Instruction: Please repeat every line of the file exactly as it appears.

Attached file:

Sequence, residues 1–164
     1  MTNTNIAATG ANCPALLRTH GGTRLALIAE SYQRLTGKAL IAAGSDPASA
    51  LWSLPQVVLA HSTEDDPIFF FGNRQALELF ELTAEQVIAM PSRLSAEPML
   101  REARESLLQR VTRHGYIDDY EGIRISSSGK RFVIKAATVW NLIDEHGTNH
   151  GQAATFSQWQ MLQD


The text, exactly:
Sequence, residues 1–164
     1  MTNTNIAATG ANCPALLRTH GGTRLALIAE SYQRLTGKAL IAAGSDPASA
    51  LWSLPQVVLA HSTEDDPIFF FGNRQALELF ELTAEQVIAM PSRLSAEPML
   101  REARESLLQR VTRHGYIDDY EGIRISSSGK RFVIKAATVW NLIDEHGTNH
   151  GQAATFSQWQ MLQD